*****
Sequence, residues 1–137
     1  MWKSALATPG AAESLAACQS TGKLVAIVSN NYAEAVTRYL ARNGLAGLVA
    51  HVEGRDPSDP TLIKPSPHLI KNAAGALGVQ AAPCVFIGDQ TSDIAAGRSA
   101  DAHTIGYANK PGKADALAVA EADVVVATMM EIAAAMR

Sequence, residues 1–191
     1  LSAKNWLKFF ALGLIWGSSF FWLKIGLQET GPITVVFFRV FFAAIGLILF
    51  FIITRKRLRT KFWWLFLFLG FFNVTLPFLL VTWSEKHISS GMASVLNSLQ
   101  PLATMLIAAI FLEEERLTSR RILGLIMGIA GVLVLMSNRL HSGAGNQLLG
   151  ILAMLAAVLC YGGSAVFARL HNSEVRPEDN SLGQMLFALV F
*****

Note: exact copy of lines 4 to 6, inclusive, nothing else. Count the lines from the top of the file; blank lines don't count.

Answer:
   101  DAHTIGYANK PGKADALAVA EADVVVATMM EIAAAMR

Sequence, residues 1–191
     1  LSAKNWLKFF ALGLIWGSSF FWLKIGLQET GPITVVFFRV FFAAIGLILF